Ruger Redhawk 8 shot 357 Magnum
|Company||Sturm, Ruger & Company, Inc.|
|Point of Manufacturer||Newport, NH|
|Type of Action||Revolver DA/SA|
|Rifling Twist Rate||1:18.75″ 6 Groove RH|
|Firearm Construction||Stainless Steel|
|Grip Frame||Round Butt|
|Front Sight||Ramped Red Insert – Quick Change|
|Rear Sight||White Outline W/E Adjustable|
|Weight of Firearm||44.5 Oz|
|Trigger Pull||6.8 Lbs SA / 12.2 Lbs DA|
I have never been to Ruger’s facilities. If there really is such a place, I would imagine it is a lot like Willy Wonka’s Chocolate Factory, the Gene Wilder version, or perhaps there is a long and winding yellow brick road that leads to Ruger Land, but without flying monkeys. The truth of the matter is, I have not gone for fear of finding it to be more like Fritz Lang’s and Thea von Harbou’s Metropolis, or worse, there may be no magic at all, just a very modern manufacturing facility and a collection of talented people dedicated to creating and producing excellent firearms.
The reality is that while many other manufacturers have been taken over by non-firearm financial and operating management teams and seem bent on producing the cheapest and some of the homeliest firearms, Ruger keeps producing firearms for enthusiasts that are little works of engineering art, like the subject revolver.
The eight shot, 357 Magnum Redhawk is one of a number of new models introduced by Ruger this year, each good looking and each high performing in its own right. In this case, Ruger struck a balance between chunky and compact to give us an easy to conceal and carry firearm that holds just shy of a case of ammo. For those who insist on reality, feel free to read the specs in the box as they are just as exciting and more factual.
The rear sight is a stout piece, adjustable for windage and elevation. The front sight with red insert is dovetail mounted and quickly change by depressing the spring loaded front sight plunger.
The Redhawk was designed as a 44 Mag. In this case, the 357 mag cylinder diameter at 1.80″ is approximately 0.020″ greater than the 44 Mag version. The outer chamber wall thickness is 0.126″, adjacent chamber wall thickness is 0.065″. At 1.750″ the cylinder length is well beyond 1.590″ maximum cartridge length. Adding cylinder diameter and subtracting holes, the 357 Redhawk weighs only a half ounce more than a 44 mag version with the same 2.75″ barrel.
The 357 Mag Redhawk is supplied with two full moon clips, used to expedite reloading. Shooting the revolver with its cylinder filled with mixed ammo types, chambers were single loaded and there were no functional problems; loading, shooting or ejecting.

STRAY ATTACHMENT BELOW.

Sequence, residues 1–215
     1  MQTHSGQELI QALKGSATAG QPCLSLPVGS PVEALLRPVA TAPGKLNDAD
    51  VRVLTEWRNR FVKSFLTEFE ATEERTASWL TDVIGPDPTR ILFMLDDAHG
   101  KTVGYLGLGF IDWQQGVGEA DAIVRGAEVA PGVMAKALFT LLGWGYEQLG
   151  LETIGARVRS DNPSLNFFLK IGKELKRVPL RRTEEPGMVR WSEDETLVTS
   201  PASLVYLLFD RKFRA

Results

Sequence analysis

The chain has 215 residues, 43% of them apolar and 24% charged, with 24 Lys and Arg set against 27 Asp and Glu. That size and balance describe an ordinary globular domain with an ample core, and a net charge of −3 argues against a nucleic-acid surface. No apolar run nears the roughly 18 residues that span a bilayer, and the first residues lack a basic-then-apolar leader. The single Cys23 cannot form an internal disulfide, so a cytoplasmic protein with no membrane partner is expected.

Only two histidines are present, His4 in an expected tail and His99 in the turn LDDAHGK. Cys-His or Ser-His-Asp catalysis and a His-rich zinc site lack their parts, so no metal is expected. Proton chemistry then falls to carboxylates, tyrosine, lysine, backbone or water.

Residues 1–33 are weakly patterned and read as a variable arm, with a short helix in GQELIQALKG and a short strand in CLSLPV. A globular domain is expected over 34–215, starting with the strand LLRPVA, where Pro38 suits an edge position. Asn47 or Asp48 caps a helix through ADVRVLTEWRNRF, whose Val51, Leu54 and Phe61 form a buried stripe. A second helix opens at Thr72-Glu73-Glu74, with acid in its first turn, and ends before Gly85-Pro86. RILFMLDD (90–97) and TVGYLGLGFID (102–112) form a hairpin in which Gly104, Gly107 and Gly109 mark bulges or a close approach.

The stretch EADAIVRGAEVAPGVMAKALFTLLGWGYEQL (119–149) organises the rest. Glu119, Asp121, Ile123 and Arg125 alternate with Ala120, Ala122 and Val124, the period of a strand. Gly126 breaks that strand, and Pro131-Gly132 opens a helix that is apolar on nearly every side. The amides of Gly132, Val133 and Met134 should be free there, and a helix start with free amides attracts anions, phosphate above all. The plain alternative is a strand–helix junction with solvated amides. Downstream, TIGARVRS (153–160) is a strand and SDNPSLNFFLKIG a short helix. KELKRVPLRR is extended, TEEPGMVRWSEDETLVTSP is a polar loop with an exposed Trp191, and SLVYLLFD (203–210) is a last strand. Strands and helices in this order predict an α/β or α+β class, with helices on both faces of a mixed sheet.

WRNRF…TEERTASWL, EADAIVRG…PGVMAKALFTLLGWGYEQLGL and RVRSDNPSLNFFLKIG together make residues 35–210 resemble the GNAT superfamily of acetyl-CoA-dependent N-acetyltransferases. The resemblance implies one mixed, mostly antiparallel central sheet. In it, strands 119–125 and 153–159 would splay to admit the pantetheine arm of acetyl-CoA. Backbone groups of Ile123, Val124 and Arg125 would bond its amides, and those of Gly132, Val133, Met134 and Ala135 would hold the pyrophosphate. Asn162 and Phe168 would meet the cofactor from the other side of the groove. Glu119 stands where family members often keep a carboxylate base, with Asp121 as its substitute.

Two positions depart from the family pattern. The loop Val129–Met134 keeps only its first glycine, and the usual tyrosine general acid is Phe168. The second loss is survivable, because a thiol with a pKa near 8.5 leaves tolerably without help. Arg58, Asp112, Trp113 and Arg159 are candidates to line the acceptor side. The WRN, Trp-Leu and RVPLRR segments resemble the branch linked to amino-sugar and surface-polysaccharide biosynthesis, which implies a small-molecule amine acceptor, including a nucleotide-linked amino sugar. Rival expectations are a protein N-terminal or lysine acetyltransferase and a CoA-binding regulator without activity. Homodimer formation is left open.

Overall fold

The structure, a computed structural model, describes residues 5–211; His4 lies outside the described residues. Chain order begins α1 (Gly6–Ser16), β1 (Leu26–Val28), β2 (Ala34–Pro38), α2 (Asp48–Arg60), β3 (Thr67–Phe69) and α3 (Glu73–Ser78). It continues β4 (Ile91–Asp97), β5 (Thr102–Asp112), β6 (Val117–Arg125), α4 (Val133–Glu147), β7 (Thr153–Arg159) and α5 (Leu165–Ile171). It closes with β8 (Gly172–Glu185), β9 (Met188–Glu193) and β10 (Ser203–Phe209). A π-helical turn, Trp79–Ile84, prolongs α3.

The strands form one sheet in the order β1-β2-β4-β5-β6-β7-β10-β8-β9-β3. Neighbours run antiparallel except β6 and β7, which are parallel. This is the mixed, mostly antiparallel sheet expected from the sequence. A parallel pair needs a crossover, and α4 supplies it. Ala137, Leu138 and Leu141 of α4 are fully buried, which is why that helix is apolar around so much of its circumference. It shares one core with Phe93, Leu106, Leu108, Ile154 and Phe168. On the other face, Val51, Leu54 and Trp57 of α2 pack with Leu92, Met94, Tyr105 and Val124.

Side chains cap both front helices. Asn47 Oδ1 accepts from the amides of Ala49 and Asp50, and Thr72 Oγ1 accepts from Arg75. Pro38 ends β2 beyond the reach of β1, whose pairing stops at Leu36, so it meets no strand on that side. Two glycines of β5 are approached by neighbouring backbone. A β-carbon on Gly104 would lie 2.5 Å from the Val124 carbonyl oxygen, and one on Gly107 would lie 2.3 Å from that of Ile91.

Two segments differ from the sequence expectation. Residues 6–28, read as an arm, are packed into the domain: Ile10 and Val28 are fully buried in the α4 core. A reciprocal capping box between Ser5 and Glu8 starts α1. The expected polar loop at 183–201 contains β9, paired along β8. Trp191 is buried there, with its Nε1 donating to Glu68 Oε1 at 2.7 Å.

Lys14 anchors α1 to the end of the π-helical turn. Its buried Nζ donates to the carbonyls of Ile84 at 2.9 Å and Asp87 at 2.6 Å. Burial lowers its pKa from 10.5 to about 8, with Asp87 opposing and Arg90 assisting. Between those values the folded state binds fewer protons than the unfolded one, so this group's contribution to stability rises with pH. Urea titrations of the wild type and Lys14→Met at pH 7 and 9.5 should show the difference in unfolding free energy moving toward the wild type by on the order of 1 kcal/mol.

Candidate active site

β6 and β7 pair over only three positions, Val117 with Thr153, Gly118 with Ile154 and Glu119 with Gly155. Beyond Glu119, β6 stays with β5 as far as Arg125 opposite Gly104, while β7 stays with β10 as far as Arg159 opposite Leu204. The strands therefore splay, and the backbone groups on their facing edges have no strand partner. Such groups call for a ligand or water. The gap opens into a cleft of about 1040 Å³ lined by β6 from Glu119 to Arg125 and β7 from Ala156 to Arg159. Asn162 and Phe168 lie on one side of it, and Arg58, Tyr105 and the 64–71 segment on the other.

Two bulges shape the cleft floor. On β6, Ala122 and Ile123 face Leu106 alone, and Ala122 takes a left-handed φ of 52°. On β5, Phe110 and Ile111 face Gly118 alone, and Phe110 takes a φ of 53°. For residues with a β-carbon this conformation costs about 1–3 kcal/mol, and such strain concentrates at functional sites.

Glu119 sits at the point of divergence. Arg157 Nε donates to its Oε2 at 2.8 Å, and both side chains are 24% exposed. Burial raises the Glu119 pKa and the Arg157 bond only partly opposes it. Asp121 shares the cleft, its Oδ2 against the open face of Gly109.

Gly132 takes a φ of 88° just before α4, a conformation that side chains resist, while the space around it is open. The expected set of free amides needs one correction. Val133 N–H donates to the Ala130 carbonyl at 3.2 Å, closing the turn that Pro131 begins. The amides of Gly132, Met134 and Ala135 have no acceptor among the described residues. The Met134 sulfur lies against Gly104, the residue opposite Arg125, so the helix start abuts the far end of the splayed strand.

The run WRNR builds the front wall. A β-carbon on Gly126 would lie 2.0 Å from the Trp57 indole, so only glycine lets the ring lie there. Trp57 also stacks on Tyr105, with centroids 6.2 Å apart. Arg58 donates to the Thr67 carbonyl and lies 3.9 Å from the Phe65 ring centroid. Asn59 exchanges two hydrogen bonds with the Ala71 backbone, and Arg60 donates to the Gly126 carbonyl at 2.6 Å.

Some brands of revolvers have a difficult time operating reliably with a high capacity cylinder full and rapid firing. The rotating mass of the cylinder seems to overcome timing and there is an occasional lock up. This was not at all the case with the Ruger Redhawk eight shot. It kept up regardless shooting speed. A range rod check of all chambers showed perfect timing and barrel / chamber alignment.
Like other models within this product line, this Redhawk locks up at three points, and not just with a detent ball at the end of the ejector rod. The cylinder locks at the center pin lock, rear, the cylinder lock, center, and as pictured here, at the cylinder latch hinged on the face of the crane. The overall assembly checked tight with solid lock up, no end shake, no rock, no roll or other forms of movement suggesting anything other than quality piece of machinery. Cylinder gap checked 0.007″ to assure reliable function without having to stop every dozen round to scrape carbon off the face of the cylinder.
While the eight shot 357 Mag Redhawk has a short 2.75″ barrel, it doesn’t feel like a snub nose in terms of balance or heft. It settles into the hand, center of gravity at the trigger, which really settles the sights, despite the short sight radius. The contour of the round butt grip brings the hand into a high grip and places trigger in easy reach.
Recoil at 44.5 Oz is not of real consequence, even with high performance ammunition. As a result, the Redhawk is a revolver that will be shot frequently for practice and proficiency building without requiring a switch off to 38 Special ammunition, even though that is an option. It is always better to practice with ammunition that is suitable for the intended application.
The Ruger was shot with three types of factory ammo that cover many applications –
|Remington Golden Saber||BJHP||125||1220||1177||1277||1.5|
|Remington High Terminal Performance||SJHP||180||1145||1105||1241||1.2|
Groups shot at 10 yards – 2.75″ barrel Redhawk
The Ruger eight shot 357 mag Redhawk is a powerful handgun. Accuracy is good and it is easy to shoot. The Golden Saber ammo penetrates approx 16″ of ballistic gel. The other two penetrate between 20″ and 24″ in gel blocks. If I want to hog hunt or fend off a black bear, a cylinder full of cast bullets would get the job done with over 3′ of gel penetration.
For folks who like the strength and reliability of a revolver, but want the extra capacity normally associated with an autoloader, the eight shot Redhawk is a good option and in a Redhawk frame it is one tough firearm.